R. Star wrote:
I think issues like these are where the Prime Directive is useful. People/societies have to learn some things for themselves. Whooshing in and telling them that it's wrong and pounding the offending party with phaser fire will only work for as long as your sitting in orbit playing babysitter. And will likely only escalate the hate that one party has for another.
I have always stated there are only two reasons to violate the Prime Directive, extinction level events and to fix prior violations.
I would add two more: Genocide and slavery.
If millions of people are murdered for no reason, they're not exactly going to gain the benefits of learning a lesson.
It's a bit too cynical for Star Trek to say that it only exists to protect us from moral choices. More, it's meant as a moral guideline to benefit from the moral philosophy of the past, like 'Do no harm' and 'Life, liberty and pursuit of happiness'. In the TV show it leads the characters to rather silly moral choices on occasion, but we have every reason to believe that 99 out of 100 times the principle leads them to good decisions.
Picard cited the Prime Directive as to why the Federation didn't intervene in the Cardassian occupation of Bajor. So.... I'd say it does cover genocide and slavery.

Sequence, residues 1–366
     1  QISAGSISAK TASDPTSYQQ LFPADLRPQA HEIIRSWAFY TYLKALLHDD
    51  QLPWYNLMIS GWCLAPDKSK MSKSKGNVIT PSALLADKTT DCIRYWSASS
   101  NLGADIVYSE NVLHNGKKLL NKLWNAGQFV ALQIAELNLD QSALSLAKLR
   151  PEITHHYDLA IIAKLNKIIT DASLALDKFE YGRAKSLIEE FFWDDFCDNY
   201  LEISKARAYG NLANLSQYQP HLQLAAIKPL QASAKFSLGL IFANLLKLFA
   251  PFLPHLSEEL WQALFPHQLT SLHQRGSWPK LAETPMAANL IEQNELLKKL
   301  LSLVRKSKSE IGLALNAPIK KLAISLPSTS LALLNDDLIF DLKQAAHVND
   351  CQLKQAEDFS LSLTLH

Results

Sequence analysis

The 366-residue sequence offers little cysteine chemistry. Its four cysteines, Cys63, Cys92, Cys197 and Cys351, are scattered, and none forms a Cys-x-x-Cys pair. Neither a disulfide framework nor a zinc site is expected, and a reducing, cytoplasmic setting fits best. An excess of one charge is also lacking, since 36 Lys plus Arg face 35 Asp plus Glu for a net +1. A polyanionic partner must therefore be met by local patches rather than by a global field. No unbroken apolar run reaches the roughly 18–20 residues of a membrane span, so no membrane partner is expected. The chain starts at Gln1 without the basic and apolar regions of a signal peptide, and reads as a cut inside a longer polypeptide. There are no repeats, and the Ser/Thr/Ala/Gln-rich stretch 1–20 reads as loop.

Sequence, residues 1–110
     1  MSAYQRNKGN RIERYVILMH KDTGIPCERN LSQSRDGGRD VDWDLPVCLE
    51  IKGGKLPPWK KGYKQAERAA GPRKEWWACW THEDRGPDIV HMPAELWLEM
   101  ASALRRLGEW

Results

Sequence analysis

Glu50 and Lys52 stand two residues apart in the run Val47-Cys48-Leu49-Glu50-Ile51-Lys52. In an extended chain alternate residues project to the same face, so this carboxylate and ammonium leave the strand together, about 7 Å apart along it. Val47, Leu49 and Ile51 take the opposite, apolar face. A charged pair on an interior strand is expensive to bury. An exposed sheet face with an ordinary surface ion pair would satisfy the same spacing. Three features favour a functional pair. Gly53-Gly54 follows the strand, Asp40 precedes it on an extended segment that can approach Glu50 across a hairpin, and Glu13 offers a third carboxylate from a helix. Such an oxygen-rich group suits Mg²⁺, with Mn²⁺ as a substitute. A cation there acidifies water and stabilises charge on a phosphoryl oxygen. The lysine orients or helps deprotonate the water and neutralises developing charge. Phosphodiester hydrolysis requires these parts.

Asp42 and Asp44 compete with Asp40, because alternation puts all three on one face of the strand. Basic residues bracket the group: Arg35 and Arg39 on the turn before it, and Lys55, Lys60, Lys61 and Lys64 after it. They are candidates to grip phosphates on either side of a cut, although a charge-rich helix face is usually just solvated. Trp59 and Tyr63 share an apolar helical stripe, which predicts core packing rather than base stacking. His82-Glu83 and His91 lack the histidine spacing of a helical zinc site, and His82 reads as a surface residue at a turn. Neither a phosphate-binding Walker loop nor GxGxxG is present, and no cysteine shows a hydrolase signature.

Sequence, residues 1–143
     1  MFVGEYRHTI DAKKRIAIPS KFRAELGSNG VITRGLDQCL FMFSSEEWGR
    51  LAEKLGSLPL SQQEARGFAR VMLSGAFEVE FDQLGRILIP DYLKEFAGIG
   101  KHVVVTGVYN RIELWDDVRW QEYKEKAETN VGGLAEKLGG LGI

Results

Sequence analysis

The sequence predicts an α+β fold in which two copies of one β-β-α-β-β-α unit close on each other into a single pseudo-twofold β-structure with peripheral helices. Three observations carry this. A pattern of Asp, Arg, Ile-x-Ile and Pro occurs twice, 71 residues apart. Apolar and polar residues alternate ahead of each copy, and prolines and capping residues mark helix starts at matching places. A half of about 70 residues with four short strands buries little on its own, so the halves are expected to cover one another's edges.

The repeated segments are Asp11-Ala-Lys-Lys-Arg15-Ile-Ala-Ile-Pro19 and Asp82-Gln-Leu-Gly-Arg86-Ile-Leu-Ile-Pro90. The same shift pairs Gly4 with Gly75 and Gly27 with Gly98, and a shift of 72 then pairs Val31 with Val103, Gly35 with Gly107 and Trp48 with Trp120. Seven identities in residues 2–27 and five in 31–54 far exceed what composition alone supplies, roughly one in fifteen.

Are you sure? Seems like a political matter that doesn't need justifying.
At one point I had just assumed that Bajor being abandoned was a condidtion of the Cardsassians being caught with their pants down in that TNG two-parter.
Picard does specifically mention slavery I believe in 'Pen Pals'.
Slightly related, I just watched "Think Tank" today and Janeway asks Jason Alexander how far they're willing to go, if they have any limits? She asks the question perfectly "Just curious" so there's no moral judgement. He says they won't create weapons of MASS destruction or commit genocide. Janeway doesn't moralize or pass judgement. And waits til she gets back to her ship to comment on it. Perfect.